Having the busy paisley pattern along the edge is kind of saving my bacon here, it is helping to hide imperfections. The colours above are very accurate to the real deal. After I work with it a bit more, it is my hope the coming bursted overcoats of lung disease flavoured shellac on top will help me tie things together and also serve to disguise the boo-boos even more. I think.
other than that, well it's going juuussssst fine... LOL!
Yes, you may be having the odd glitch, but, man, look at the thing. It's beautiful. Love the direction you've gone on this, very very classy indeed.
Wow, pretty high praise for pretty low skills. I've seen your work, you know.
The encouragement is appreciated.
I've been following this from the start, and it looks sick!
Hey tv , I think it's looking great , I found out about tape lines when I did my paisley build last year , I discovered it early on and didn't have too much of a problem getting the lines wet sanded off but it was an eye opener , Next time I do a burst I am going to do the same as you suggest .
Good work , she's going to be a beauty
^ now I don't feel so bad. I thought I was near the only one who had done this. I did a lot of searching for "burst repair" or "fade mask overspray lines" and a wide variety of other search term combos, and not much seemed to come up except one reranch thread. This is why I figured I might as well put something up - maybe I can redirect another poor sap who might be thinking to attempt this.
Well I have some news - I managed to re-re-burst and fix up the worst errors. If I would have had my new "secret" weapon, I'd probably be done clearing by now.
Here she is:
Forget airbrushes and all that crap. I'm done with 'em. Above you got your basic ten dollar chinese Stainless steel HighVolumeLowPressure "touch up" gun from ebay. What... you say? Ten Bucks? HELL YEAH. I could have totally bursted with this thing, and it made spraying the shellac toner burst over the metallic a complete cakewalk. This type of gun would be extremely useful for clearing as well. Think of it as way more better than a rattle can, about as wide a shoot set full out, but totally adjustable down, if you want it that way. Got me thinking all kinds of "bye-bye, see you later rattlecan" thoughts.
Spray radius goes from about half an inch up to about three inches, and is soooo adjustable, flow, volume, etc.... if you are just beginning to finish guitars or are wondering what the next step up is from rattlecan-land for low dollar, this is it. HIGHLY Recommend, TVvoodoo seal of approval. I can't believe it's taken me three and a half refins to get here.
Anyhoo - beautiful day here today, work was a bit ahead so I took a couple hours this afternoon to take advantage of the weather and lay down a lot of shellac, in the lung disease colour. My goal was to give the black metallic some personality sort of to match the rest of the guitar. It was flashing off nearly as fast as I was laying it down, pretty darn cool.
Here's a bunch more pics... might help explain why I'm a smiley guy tonight.
Not exactly antique brass, but pretty darn interesting anyhoo - can't really describe the colour we ended up with, sort of a very,very dark, black gold, with a just hint of a slight greenish tint, not like anything I've seen before, and if you know me, that's what I like shoot towards.
nice recovery ,it's really coming along , can't wait to see it finished. I had to do something similiar by sanding down my burst edge on my paisley relic , it's not perfect .Good call on the spray gun , might be my next purchase too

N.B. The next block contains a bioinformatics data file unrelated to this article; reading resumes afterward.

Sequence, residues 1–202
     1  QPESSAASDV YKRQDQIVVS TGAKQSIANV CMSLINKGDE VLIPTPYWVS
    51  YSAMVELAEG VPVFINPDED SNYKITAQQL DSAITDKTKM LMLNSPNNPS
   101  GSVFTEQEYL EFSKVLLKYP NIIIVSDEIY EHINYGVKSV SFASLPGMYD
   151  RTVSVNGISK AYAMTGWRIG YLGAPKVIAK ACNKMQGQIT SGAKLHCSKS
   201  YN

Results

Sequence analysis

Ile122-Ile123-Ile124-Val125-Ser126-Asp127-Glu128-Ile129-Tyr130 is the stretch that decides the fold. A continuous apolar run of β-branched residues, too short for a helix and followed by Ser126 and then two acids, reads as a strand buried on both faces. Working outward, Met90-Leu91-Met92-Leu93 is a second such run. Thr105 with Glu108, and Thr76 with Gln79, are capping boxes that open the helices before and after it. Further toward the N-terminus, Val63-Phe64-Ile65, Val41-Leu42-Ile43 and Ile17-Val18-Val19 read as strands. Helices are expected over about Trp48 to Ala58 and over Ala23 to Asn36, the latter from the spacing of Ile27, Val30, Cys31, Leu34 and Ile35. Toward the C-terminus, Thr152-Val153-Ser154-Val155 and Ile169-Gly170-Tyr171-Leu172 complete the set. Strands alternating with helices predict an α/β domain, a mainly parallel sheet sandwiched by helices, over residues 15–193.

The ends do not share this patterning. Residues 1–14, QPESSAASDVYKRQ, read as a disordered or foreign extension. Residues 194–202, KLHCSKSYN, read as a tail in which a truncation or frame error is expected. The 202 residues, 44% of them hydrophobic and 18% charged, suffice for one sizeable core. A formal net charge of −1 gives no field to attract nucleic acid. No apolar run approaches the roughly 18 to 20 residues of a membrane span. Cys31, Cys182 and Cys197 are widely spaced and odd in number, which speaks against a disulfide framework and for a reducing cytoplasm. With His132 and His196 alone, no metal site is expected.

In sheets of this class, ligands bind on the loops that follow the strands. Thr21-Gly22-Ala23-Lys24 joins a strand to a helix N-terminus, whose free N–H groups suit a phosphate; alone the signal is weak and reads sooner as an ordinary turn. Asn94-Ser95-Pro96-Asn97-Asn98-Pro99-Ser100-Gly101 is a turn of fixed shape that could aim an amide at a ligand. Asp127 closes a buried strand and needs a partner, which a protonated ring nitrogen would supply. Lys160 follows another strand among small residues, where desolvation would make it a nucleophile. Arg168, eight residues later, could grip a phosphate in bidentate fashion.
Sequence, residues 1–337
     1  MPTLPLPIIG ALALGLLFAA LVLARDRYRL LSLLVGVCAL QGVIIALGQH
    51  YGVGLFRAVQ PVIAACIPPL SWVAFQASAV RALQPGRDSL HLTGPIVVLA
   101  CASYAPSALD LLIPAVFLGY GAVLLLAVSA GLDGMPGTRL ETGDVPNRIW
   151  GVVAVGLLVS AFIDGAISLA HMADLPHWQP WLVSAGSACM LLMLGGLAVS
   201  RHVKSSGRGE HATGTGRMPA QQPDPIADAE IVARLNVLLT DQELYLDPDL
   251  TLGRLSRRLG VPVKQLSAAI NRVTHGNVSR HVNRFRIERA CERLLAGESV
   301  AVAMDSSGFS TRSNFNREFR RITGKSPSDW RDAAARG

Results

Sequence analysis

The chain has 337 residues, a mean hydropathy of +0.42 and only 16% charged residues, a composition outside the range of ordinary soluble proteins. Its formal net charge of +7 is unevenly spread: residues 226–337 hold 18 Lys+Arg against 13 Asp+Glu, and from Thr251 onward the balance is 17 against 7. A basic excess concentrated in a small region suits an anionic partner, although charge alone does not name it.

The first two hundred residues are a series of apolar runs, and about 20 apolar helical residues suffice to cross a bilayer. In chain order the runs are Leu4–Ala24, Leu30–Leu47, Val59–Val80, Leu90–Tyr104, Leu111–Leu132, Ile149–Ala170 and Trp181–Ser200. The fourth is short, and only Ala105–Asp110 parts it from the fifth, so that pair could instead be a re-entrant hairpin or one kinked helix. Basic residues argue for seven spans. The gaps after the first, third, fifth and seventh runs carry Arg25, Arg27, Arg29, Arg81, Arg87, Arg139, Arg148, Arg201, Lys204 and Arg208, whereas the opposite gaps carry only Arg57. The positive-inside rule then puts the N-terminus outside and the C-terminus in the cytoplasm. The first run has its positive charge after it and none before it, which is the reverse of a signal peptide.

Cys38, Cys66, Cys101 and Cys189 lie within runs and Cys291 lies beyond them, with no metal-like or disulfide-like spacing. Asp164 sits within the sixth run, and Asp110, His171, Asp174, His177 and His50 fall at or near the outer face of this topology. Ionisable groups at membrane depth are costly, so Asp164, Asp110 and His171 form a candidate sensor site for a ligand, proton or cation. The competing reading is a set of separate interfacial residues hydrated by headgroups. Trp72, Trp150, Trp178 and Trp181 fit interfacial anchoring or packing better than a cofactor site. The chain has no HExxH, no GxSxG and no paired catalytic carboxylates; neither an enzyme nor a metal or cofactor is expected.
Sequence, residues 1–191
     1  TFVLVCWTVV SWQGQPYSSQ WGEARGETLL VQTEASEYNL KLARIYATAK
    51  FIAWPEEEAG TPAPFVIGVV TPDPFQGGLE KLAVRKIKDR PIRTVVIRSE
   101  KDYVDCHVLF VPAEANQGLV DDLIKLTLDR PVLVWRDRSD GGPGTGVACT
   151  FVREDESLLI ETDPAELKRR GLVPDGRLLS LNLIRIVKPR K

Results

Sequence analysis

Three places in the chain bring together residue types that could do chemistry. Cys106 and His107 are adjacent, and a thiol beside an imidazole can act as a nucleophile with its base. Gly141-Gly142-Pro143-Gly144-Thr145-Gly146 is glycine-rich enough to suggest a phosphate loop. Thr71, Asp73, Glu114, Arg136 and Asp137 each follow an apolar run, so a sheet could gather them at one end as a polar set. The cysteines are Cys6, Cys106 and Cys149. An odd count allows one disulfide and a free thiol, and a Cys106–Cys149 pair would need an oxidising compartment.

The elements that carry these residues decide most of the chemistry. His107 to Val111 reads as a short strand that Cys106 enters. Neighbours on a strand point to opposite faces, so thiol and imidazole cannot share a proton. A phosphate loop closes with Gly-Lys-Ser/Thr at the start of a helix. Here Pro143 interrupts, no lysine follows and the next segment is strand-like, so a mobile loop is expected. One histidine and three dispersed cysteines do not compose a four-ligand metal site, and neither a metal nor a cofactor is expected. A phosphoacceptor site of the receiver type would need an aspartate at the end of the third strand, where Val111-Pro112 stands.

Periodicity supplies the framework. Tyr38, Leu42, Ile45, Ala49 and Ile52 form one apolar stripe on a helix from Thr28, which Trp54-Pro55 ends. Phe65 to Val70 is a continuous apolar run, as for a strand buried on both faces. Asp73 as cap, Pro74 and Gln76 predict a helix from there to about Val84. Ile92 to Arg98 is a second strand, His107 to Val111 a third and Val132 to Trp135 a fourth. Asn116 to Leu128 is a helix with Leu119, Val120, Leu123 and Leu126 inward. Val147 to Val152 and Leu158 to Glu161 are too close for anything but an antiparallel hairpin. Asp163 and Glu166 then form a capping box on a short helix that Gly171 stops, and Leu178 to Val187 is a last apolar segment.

Sanded the burst off the headstock, rebursted it. Got some mist coats down on the body, and a few normal coats. A bit of orange peel, manageable.
Worked on the pickguard. Sanded the first burst off, it was terrible. Used the HVLP minigun to lay shellac, THEN metallic. (DUH!)
Aging some hardware... This is what vinegar fumes to bright, brand new brass
And, a muriatic fume bath before and after on the bridge.
Sneak peek just for fun - the guard needs shaping for the neck pup, but I wanted to clear it from the back first so I don't end up scratching the burst when I'm mucking with it.
Today I trim cut open the neck pup cover, and started aging the rest of the hardwares.
Needs a bit more, hope to finish that up tomorrow.
Hey TVvoodoo, that a beautiful guitar you do.
Yes, I made that hard discovery about Duplicolor and paint thinner, too. It curdles almost immediately. Laquer thinner works with it, though.
^ I guess I should have asked. Oh well.
So my main question in my head right now is this - will it look really stupid to do a shiny gloss guitar with aged hardware? I don't know where the idea came from, or why it appeals to me, but I just want to see it. I hope I don't end up having to relic this whole job for it to look half decent - once you trash that hardware, there's no going back
Wet sanded the orange peel with 400, then I ended up spraying with the bomb from hell. most of it ran out from under the nozzle, down my arm, but I kept with it and got maybe another coat down, that was maybe five days ago. Purchased more clear, got a few more coats on today. Finish is looking deeper, and deeper, but also getting real interesting. Thought some of you fellas might like to see this, I haven't really seen nothing like it. This was relatively unplanned, but it's become sort of a colour shifter - that is, when the light hits it right, the sparkle bits in the black metallic refract (the colour is due to the tinted shellac toner coats), otherwise, from like front on it stays dark.
I think I liked it at the sunburst, without the sparkles, but it looks great!
Hey Bentley, I totally get what you are saying.
Keep in mind about 90% of the time, the bronzy portions shown above are seen as much darker, or as black -I had to position pretty carefully with the full sun at the right angle to catch the metallic flashes to make them show.
It's just kind of different, and was unplanned - though other refin folks might enjoy seeing what can happen by accident or, "happy accident" if you will. I've only done one other metallic paintjob, full body gold strat, and I haven't seen this latest effect before. I'm really thinking I am glad I did the toner coats, because if it shone silver, I don't think I could live with it.